(I've changed my review. The first part is my first review and at the bottom is the newer version) This book cured my binge eating. I found rational recovery and Jack Trimpey after reading Kathryn Hansen's Brain Over Binge. But her book didn't do it for me, when she mentioned in a blog post that Rational Recovery had basically kicked her ass into recovering I knew it was for me. This book begins by addressing poor body image and dependency and uses the theory of REBT (Rational Emotive Behavioural (I've changed my review. The first part is my first review and at the bottom is the newer version) This book cured my binge eating. I found rational recovery and Jack Trimpey after reading Kathryn Hansen's Brain Over Binge. But her book didn't do it for me, when she mentioned in a blog post that Rational Recovery had basically kicked her ass into recovering I knew it was for me. This book begins by addressing poor body image and dependency and uses the theory of REBT (Rational Emotive Behavioural Therapy) by Dr. Ellis to stop people from judging themselves and to vigourously question their dependancies and irrational thoughts. This book says that fatness is a personal philosophy and that binge eating is a symptom of it. You start by simply accepting yourself - this takes by really taking away a lot of the force that goes behind a binge. The book challenges many 'wrong' viewpoints and forces you to question your binge urges. It took me hours of self questioning and journalling - but those few hours of vigourous effort paid off. I screamed my urges down (in my head) and I am recovered. I recommend everyone to try this - and to give it a fair chance. --------------- Additional insight. I personally found the following thoughts difficult to deal with and these became the reason why I justified binging: 1. My trigger foods are very rare and this justifies my binging 2. The food is ridiculously tasty and I can't help but have to eat it 1. My trigger foods are rare. This thought always justified my decision to binge - when I questioned it I realised that actually several 'rare' food was actually made every week, another 'rare' food was available in probably thousands of shops in my city and is probably available in every street. The food that 'triggered' me were quite abundant and there went my justification to binge. 2. The food is soooo tasty and I can't help it Well the big lie is that the food is that tasty. How many times have I binged on something and actully found it bland or uninteresting or even bad and unpleasant? Too many times. Hardly ever did the 'amazingly tasty' food ever taste amazing. My mid-brain was a liar and sold me lies. There went my second reason. From here on it was easy. I eat well and healthily and simply push away my urge to binge seeing it for the liar it is. Hope this helps and you recover too. ----------------------------------------- Updated review: Alas, a few weeks after reading the book and feeling confident I resumed binging again and am at the highest weight I've ever been. The book has helpful content but for people who have deep seated issues and don't have the first clue on how to separate themselves from their voices, this may not help. I'm currently reading 'The little book of big change' which is giving me additional insight that I need.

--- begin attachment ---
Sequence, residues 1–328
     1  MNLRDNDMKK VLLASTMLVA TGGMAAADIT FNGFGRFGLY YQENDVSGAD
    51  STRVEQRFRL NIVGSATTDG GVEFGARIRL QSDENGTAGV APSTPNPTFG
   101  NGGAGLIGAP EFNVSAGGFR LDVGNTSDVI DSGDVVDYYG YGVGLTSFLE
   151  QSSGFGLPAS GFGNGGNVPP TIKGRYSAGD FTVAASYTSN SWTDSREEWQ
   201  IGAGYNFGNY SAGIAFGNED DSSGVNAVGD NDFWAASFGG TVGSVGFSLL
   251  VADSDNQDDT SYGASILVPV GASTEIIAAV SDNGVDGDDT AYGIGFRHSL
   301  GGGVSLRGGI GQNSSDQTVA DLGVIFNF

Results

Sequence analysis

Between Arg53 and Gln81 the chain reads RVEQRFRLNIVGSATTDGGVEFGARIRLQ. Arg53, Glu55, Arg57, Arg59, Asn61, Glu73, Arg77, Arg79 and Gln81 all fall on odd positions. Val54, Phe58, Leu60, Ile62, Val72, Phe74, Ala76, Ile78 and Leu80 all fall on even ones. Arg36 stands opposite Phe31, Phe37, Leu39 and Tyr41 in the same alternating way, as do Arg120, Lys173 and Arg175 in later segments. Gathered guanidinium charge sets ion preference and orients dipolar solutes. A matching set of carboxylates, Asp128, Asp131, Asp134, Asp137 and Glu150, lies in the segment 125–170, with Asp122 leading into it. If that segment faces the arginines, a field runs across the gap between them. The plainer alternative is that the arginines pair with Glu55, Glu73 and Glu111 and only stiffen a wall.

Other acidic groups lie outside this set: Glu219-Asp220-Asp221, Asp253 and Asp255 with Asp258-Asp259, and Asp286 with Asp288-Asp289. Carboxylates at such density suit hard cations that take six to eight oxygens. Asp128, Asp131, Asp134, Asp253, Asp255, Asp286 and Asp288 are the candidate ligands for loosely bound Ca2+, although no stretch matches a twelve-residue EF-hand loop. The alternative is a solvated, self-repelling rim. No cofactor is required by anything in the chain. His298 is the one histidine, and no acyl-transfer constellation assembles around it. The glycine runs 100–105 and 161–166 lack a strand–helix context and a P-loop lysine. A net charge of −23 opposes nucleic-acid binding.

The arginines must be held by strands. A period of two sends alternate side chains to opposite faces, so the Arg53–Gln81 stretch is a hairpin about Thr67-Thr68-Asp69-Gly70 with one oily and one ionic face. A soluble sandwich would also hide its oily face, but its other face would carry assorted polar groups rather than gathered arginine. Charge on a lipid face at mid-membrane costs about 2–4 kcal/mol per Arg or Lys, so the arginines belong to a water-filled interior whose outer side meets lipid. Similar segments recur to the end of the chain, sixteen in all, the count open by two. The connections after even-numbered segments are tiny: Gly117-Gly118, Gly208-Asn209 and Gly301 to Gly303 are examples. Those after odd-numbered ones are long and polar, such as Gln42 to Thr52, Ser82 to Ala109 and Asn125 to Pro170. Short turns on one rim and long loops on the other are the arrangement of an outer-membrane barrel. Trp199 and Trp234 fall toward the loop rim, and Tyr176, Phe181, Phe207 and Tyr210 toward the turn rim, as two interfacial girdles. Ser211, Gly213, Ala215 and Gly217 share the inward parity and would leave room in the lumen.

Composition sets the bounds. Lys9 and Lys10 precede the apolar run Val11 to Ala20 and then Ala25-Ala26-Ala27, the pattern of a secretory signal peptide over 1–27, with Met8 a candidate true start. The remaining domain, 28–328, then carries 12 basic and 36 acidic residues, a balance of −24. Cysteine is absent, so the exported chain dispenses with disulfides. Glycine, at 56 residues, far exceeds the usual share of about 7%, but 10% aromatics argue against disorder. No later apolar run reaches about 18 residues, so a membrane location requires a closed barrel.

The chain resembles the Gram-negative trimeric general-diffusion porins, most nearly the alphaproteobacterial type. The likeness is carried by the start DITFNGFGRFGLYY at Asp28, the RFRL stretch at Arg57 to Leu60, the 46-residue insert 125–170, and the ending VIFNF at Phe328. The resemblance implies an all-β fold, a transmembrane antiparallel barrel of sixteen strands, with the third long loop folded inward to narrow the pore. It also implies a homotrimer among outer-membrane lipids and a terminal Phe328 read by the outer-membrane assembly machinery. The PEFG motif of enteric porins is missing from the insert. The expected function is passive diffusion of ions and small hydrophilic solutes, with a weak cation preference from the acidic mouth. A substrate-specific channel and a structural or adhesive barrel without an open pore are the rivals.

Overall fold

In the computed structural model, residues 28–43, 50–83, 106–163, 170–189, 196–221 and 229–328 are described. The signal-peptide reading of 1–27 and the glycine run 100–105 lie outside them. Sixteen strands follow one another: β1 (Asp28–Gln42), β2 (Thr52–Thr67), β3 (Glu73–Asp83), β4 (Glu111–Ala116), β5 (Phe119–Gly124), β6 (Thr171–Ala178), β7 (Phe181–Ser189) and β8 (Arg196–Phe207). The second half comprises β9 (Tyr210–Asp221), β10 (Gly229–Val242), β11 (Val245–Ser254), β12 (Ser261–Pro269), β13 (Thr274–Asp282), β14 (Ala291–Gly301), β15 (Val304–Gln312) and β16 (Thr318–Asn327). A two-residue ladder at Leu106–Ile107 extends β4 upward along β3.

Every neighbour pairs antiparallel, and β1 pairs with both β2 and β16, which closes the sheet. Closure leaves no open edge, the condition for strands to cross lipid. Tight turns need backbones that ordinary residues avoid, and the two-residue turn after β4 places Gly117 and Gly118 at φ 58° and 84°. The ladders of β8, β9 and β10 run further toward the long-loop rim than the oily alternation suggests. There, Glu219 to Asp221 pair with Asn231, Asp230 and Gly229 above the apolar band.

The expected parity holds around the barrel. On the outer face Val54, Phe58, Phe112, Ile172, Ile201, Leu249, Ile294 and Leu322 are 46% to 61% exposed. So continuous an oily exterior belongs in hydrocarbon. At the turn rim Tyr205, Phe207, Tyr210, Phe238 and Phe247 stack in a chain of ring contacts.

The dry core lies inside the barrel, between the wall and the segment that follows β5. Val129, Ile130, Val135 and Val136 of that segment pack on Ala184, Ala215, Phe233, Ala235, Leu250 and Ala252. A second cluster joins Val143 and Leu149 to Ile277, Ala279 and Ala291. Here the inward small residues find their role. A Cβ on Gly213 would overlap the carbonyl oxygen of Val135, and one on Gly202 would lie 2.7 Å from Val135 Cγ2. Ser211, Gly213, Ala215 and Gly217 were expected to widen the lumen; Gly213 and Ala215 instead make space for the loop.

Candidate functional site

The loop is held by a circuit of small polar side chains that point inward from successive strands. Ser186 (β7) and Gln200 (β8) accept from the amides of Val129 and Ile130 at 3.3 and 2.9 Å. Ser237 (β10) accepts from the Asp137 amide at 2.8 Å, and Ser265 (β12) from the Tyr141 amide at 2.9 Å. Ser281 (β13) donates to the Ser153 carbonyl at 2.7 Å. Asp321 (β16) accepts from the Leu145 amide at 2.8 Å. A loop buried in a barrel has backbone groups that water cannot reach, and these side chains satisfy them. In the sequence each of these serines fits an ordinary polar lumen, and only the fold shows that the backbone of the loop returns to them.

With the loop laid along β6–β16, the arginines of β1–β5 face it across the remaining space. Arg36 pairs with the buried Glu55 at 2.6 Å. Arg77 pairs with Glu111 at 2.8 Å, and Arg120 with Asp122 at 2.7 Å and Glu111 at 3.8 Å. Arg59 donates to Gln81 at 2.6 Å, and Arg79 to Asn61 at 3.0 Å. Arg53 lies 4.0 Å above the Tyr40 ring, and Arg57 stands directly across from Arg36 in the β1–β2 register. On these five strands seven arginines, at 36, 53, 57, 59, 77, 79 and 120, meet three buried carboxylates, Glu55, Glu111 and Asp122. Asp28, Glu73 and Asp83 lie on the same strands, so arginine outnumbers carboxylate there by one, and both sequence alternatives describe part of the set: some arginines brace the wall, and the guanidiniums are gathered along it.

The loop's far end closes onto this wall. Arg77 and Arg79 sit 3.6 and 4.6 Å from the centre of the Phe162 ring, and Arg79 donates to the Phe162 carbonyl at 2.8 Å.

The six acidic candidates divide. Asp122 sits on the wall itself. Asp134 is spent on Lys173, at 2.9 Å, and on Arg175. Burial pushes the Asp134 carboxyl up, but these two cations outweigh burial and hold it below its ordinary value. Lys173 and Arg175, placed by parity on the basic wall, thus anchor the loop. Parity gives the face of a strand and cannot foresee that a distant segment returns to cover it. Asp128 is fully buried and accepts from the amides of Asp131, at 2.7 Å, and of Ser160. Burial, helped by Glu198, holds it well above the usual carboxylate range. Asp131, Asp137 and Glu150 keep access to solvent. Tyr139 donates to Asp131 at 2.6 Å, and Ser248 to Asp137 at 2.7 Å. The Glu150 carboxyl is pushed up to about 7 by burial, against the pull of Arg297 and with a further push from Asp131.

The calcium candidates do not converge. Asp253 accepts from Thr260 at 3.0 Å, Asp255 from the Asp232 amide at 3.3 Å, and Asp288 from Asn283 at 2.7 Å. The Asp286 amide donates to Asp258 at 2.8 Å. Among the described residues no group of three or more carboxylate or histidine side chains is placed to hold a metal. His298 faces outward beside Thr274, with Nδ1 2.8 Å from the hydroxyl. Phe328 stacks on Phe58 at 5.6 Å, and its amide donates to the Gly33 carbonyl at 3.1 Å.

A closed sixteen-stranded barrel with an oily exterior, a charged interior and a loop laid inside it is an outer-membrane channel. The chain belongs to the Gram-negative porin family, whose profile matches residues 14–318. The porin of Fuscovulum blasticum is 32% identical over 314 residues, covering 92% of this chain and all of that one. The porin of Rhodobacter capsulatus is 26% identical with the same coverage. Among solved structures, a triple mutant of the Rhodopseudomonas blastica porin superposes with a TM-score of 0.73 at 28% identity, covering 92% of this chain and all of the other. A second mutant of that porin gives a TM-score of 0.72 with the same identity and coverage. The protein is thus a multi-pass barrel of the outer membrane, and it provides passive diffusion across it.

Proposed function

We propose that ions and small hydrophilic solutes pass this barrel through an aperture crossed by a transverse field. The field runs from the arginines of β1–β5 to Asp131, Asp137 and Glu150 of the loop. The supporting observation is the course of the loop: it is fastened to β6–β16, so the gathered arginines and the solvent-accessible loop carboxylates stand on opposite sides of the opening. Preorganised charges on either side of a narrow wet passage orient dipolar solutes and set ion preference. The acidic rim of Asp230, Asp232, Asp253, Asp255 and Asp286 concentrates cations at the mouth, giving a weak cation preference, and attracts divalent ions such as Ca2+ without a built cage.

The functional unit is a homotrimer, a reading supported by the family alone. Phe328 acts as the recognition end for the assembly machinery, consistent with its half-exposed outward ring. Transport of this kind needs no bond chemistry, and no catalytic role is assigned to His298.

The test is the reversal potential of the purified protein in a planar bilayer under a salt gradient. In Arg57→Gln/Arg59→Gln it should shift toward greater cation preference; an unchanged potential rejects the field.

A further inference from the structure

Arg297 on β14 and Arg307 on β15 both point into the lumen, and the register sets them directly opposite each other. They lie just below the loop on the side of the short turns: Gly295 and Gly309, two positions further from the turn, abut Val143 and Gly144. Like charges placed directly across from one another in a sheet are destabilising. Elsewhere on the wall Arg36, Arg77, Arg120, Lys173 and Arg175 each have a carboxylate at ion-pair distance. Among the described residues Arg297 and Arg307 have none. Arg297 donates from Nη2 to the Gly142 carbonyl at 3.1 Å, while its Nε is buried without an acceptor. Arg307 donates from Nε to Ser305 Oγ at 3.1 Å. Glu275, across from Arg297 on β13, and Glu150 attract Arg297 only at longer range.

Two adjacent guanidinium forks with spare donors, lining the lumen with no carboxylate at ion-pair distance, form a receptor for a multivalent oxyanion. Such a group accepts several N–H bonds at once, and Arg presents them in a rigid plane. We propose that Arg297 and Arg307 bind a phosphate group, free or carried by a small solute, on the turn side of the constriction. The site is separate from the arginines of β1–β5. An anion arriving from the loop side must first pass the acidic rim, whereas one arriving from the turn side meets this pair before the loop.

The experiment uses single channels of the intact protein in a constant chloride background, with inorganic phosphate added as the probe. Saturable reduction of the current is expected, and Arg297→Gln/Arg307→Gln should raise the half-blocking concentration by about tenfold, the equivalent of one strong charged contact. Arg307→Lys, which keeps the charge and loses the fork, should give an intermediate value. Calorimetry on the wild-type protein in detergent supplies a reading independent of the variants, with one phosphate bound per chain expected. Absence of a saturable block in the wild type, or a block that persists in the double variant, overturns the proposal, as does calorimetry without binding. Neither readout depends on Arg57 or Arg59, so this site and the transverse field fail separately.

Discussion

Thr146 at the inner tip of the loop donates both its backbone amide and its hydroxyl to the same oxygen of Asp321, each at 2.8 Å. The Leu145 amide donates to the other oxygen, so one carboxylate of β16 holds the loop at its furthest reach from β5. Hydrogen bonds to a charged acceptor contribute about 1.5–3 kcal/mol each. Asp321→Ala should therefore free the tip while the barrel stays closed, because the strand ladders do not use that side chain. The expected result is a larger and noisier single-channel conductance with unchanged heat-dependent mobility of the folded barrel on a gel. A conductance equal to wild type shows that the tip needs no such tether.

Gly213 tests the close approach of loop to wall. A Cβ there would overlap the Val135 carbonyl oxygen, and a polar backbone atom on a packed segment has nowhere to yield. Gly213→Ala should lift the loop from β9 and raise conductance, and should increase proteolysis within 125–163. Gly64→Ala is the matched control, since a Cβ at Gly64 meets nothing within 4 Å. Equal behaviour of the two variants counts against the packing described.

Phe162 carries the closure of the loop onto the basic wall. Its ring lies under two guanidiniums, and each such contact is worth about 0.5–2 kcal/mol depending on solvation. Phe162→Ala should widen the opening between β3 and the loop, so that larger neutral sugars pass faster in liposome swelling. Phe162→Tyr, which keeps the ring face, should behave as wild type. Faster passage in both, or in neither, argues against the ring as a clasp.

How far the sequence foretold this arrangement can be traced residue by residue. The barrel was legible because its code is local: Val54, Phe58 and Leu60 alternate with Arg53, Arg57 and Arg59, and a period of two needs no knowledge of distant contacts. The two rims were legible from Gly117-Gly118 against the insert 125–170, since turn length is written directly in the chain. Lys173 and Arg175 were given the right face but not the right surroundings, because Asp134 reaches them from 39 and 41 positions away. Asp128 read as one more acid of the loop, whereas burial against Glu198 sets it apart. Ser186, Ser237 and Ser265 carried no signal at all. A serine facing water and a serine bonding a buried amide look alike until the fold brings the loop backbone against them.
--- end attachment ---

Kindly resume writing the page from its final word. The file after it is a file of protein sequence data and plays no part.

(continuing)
2. 5 out of 5